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Himalayan Geology, Vol. 43 (2), 2022, pp. 457-470, Printed in India

Clay Mineralogy, Petrography and Geochemistry of Cretaceous siliciclastic sedimentary rocks of Giumal Formation, Spiti region, Himachal Pradesh, Tethys Himalaya


1Department of Geology, Aligarh Muslim University, Aligarh, India

2Department of Earth Sciences, University of Kashmir, Srinagar, India

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Abstract: Geochemical and petrographic investigations of early to middle Cretaceous Giumal Formation (consisting of shales and sandstones) in the Spiti region, indicate that sandstones are subarkose to sublitharenite in composition and texturally poorly sorted, subrounded to subangular in shape with moderate sphericity. According to modal analysis, these sandstones originated from the craton interior and recycled orogenic region. Shale samples show more or less similar concentrations with that of PAAS (Post-Archean shales from Australia) with depletion of CaO and Na2O as a result of intense weathering. Giumal sandstones show similar concentration of SiO2 and TiO2 relative to UCC (Upper Continental Crust) but are strongly depleted in Al2O3, Na2O, Fe2O3, and MgO. The depletion of Na O relative to the UCC values suggests severe loss of plagioclase feldspar during chemical weathering of the source region. Weathering indices (chemical index of alteration, CIA and plagioclase index of alteration, PIA) show that the source rock in Giumal Formation has undergone moderate to strong chemical weathering. The scatter of Giumal Formation data on the A-CN-K ternary diagram suggests a granitic weathering”. X-ray Diffraction studies indicate that the prominent clay minerals in the Giumal shales are illite, chlorite and montmorillonite along with quartz, muscovite, alkali feldspar and calcite. The paleoclimate in the source area seems to be mostly semi-humid. The Giumal Formation indicate passive margin tectonic setting and dominant felsic provenance. Further, the occurrence of quartz grains with undulose extinction and polycrystalline quartz, high SiO2, Al2O3, alkalis and overlapping compositions of Giumal shales with Vaikrita gneisses strongly substantiate the inference that the sediment of the Giumal Formation s may have been derived from a combination of felsic igneous rock (granitic) and associated metamorphic rocks, probably occurring south of the Spiti basin (i.e. Vaikrita Group of rocks).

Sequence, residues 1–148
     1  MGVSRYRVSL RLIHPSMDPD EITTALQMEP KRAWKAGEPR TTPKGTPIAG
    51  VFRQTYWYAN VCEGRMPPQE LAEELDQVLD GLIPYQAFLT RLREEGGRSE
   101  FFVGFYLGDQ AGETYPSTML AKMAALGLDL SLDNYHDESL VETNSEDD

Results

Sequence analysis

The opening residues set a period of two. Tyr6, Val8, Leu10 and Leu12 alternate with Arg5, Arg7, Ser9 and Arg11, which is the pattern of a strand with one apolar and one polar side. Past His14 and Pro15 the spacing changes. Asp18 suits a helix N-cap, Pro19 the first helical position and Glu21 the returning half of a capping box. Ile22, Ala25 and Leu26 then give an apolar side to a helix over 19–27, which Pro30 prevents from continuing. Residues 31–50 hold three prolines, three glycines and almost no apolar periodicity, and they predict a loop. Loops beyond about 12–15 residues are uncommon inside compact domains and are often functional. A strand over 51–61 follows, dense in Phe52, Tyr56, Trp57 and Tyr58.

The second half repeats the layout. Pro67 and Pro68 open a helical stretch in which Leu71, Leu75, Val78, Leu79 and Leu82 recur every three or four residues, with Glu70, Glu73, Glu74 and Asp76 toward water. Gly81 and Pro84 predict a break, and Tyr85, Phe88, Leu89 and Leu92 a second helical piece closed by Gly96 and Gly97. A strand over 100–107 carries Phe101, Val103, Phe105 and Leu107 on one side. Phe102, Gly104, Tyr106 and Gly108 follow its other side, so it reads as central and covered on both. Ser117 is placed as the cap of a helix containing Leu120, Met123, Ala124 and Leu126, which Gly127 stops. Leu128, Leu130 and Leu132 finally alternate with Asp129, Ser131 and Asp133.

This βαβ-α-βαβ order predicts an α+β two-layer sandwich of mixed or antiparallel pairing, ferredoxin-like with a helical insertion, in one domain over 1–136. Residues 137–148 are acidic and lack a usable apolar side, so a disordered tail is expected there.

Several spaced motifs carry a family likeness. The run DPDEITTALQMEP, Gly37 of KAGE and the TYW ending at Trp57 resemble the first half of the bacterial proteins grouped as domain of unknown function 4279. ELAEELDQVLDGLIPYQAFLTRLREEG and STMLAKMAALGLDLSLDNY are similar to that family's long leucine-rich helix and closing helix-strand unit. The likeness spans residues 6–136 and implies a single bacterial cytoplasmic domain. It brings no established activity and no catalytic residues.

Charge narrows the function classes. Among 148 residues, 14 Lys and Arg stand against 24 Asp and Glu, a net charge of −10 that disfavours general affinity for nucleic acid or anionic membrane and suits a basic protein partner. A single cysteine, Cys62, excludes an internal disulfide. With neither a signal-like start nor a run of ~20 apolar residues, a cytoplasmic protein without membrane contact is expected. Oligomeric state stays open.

Keywords: Tethys Himalaya; Giumal Formation; Sandstone; Black shales; Tectonic setting; Paleoweathering.

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